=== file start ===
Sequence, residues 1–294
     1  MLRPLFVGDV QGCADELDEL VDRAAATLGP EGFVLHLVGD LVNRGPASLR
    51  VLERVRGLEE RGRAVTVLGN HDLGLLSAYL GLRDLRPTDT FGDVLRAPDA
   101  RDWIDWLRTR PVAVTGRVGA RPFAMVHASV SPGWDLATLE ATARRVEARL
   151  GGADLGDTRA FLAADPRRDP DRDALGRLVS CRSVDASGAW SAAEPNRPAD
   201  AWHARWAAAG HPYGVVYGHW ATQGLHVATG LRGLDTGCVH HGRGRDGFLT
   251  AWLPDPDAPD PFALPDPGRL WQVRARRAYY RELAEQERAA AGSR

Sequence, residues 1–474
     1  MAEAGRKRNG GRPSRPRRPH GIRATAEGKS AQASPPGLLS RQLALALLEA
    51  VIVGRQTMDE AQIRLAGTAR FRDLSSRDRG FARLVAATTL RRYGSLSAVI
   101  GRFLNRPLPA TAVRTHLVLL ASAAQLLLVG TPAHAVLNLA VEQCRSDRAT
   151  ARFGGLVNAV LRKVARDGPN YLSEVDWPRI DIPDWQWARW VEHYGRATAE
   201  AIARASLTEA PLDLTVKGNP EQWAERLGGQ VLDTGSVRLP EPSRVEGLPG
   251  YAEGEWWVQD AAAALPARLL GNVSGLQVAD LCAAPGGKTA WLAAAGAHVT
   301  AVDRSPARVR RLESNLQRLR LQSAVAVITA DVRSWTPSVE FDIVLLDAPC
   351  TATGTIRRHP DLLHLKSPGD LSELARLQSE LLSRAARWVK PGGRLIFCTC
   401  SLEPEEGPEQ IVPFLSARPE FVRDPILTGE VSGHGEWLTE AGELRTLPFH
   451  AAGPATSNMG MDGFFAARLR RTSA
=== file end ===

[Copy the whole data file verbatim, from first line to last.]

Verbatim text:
Sequence, residues 1–294
     1  MLRPLFVGDV QGCADELDEL VDRAAATLGP EGFVLHLVGD LVNRGPASLR
    51  VLERVRGLEE RGRAVTVLGN HDLGLLSAYL GLRDLRPTDT FGDVLRAPDA
   101  RDWIDWLRTR PVAVTGRVGA RPFAMVHASV SPGWDLATLE ATARRVEARL
   151  GGADLGDTRA FLAADPRRDP DRDALGRLVS CRSVDASGAW SAAEPNRPAD
   201  AWHARWAAAG HPYGVVYGHW ATQGLHVATG LRGLDTGCVH HGRGRDGFLT
   251  AWLPDPDAPD PFALPDPGRL WQVRARRAYY RELAEQERAA AGSR

Sequence, residues 1–474
     1  MAEAGRKRNG GRPSRPRRPH GIRATAEGKS AQASPPGLLS RQLALALLEA
    51  VIVGRQTMDE AQIRLAGTAR FRDLSSRDRG FARLVAATTL RRYGSLSAVI
   101  GRFLNRPLPA TAVRTHLVLL ASAAQLLLVG TPAHAVLNLA VEQCRSDRAT
   151  ARFGGLVNAV LRKVARDGPN YLSEVDWPRI DIPDWQWARW VEHYGRATAE
   201  AIARASLTEA PLDLTVKGNP EQWAERLGGQ VLDTGSVRLP EPSRVEGLPG
   251  YAEGEWWVQD AAAALPARLL GNVSGLQVAD LCAAPGGKTA WLAAAGAHVT
   301  AVDRSPARVR RLESNLQRLR LQSAVAVITA DVRSWTPSVE FDIVLLDAPC
   351  TATGTIRRHP DLLHLKSPGD LSELARLQSE LLSRAARWVK PGGRLIFCTC
   401  SLEPEEGPEQ IVPFLSARPE FVRDPILTGE VSGHGEWLTE AGELRTLPFH
   451  AAGPATSNMG MDGFFAARLR RTSA